A reader, January 02, 2002 - 5:30 pm UTC
Any functional reason
Benny Ching, January 02, 2002 - 6:41 pm UTC
I read in the Solaris guide they recommended 4 characters for the Oracle SID. Besides the 8.3 format, is there any functional reason for the 4 character recommendation on the Oracle SID?
January 02, 2002 - 8:12 pm UTC
we use it and the oracle_home as a key for the SGA on Unix. We only use part of it in the key -- so, longer sids could result in the same key being generated for two sids under the same oracle home. So, using just the first four and the fact that a sid must be unique, avoids any issues with regards to the key generation.
Igor, April 19, 2007 - 2:34 pm UTC
In 10.2 documentation I find in one place that it is recommended to have ORACLE_SID with 8 characters max
but nowhere is stated it can't be longer.
I have seen that ORACLE_SID of longer names 20+ startup ok
but instance_name in v$instance is not visible anymore (v$thread seems to be ok).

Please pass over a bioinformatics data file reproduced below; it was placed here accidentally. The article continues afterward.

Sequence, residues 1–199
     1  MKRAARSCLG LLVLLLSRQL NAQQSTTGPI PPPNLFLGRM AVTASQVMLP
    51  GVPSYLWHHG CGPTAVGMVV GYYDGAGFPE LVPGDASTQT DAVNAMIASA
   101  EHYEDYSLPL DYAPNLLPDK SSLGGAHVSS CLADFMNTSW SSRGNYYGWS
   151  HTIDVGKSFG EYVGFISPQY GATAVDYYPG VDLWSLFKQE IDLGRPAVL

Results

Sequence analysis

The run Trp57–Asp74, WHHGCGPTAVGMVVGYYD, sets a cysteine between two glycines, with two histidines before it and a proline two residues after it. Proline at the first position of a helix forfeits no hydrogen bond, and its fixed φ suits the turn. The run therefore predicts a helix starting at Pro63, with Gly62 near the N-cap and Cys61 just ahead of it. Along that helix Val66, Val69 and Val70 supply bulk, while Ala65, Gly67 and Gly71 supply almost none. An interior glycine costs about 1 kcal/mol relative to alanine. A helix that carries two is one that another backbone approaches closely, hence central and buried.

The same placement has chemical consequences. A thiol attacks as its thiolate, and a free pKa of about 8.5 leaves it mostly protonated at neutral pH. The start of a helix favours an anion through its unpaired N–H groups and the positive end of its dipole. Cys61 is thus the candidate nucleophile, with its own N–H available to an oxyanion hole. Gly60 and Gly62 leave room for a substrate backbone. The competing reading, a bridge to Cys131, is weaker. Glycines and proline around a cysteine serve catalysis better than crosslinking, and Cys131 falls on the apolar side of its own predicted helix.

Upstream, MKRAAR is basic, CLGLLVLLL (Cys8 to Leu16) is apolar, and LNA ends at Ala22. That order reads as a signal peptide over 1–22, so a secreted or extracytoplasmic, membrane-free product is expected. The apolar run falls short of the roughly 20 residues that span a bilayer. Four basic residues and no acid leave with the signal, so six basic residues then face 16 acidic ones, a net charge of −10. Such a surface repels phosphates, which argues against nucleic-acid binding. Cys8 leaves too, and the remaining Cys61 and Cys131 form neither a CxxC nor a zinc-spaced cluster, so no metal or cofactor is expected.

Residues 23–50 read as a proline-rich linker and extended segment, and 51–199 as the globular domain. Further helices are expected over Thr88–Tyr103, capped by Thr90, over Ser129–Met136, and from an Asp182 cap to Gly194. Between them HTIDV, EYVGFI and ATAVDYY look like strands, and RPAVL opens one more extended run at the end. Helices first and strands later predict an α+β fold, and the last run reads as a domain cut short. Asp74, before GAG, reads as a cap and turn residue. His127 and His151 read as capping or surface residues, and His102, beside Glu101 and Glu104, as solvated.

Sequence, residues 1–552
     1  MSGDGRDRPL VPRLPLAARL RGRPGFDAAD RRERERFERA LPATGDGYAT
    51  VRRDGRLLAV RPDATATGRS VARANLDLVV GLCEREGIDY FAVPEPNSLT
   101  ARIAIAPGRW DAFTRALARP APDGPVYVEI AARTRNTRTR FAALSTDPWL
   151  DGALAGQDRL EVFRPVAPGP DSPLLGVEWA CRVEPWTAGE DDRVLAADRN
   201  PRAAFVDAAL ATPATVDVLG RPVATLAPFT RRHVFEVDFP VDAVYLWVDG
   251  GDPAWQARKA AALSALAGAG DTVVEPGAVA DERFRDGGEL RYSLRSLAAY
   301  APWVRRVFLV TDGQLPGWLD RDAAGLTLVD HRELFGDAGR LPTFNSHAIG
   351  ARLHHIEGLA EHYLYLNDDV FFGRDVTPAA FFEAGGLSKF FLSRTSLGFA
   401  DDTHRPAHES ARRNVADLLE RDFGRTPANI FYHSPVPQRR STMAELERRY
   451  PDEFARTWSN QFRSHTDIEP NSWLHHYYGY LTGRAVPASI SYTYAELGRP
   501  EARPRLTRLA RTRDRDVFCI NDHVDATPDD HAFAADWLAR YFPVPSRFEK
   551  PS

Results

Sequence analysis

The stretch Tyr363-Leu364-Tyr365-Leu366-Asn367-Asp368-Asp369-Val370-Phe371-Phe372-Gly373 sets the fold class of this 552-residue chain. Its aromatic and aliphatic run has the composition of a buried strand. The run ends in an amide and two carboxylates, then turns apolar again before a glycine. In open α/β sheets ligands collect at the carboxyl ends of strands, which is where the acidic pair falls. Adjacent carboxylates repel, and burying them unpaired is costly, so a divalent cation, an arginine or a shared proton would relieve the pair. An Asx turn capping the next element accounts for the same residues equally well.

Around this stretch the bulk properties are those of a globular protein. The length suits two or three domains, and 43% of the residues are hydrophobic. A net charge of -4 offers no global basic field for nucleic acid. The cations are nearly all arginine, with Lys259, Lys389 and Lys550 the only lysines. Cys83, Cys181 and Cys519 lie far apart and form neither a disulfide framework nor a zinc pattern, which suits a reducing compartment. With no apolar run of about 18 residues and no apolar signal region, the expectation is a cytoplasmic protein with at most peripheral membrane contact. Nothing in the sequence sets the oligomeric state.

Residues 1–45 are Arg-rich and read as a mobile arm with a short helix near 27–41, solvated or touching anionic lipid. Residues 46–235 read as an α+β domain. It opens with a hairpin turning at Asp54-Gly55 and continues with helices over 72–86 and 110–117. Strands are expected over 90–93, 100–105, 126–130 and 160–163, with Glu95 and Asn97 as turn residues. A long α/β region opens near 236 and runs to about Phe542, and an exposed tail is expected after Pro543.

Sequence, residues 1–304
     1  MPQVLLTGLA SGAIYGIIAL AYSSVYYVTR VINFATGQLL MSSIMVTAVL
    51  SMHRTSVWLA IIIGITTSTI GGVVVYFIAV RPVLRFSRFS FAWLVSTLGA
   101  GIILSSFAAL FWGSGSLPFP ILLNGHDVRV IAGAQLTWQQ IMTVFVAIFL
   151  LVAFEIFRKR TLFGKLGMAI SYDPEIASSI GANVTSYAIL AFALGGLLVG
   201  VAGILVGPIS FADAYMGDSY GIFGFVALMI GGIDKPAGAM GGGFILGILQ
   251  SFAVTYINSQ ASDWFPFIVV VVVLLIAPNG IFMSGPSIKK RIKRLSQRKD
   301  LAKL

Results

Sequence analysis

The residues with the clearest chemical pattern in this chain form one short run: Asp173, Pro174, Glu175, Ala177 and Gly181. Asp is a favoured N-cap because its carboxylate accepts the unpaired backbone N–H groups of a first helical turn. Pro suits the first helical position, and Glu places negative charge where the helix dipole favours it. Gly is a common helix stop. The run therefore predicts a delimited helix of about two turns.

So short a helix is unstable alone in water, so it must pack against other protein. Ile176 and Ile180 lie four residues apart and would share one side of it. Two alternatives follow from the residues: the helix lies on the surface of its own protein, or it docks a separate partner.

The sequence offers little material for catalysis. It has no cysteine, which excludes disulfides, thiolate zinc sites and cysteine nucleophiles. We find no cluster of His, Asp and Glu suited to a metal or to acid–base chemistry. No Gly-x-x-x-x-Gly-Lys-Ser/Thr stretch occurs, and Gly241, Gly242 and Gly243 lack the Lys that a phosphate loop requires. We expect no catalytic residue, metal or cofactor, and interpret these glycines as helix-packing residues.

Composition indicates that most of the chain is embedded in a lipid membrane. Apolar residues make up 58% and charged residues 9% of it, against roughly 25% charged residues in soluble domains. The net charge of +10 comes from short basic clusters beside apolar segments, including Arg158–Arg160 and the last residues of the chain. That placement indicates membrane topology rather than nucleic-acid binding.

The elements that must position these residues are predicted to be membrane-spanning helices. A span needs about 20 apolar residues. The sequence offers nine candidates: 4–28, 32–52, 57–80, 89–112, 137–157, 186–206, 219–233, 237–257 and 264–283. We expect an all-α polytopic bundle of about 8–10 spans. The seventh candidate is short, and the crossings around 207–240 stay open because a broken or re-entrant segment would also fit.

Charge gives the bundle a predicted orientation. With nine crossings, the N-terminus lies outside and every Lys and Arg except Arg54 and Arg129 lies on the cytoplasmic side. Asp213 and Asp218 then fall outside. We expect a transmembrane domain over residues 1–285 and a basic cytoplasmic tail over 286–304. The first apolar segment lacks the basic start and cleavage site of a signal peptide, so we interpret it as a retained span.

Can you give your point of view ?
Thank you and regards,
April 19, 2007 - 4:59 pm UTC
I would stick with 8 or less - better safe than sorry.
since no one really sees the sid anymore, only on the local server -never over the net - why bother with it.
Igor, April 20, 2007 - 5:14 am UTC
In some situations it would be practical to have it longer.
You have to handle two unique handles (when you "replicate" server) that don't clash with the rest.
Also when you have script that initialise environment to do backup/restore/drop script in hands of some operator, it would be easier to have all-as-one instead of starting from instance/service name to pass by network alias to get ORACLE_SID (or having some other source)
People get confused if you start to explain differences about instance_name, service_name, db_name, db_unique_name, ORACLE_SID etc
or maybe I have wrong approach :-)
Of course, all is doable and this extension would just simplify some steps in some situations.
April 20, 2007 - 7:10 am UTC
since there should only be one instance per server, this isn't a problem.
and using rman, you wouldn't have to use a sid at all.
A reader, April 20, 2007 - 5:29 am UTC
just for interest as I stumbled across this thread
(haven't use DOS for one or two decades anymore)
is the 8.3 limitation still active in the new
DOS Vista of MS ?
Can anybody tell me ?
Igor, April 20, 2007 - 12:33 pm UTC
It's test environment with a lot of restore/drop operations.
Other approaches were simply too slow ( also dropping a lot of objects take time ) - we discussed it shortly in some other thread.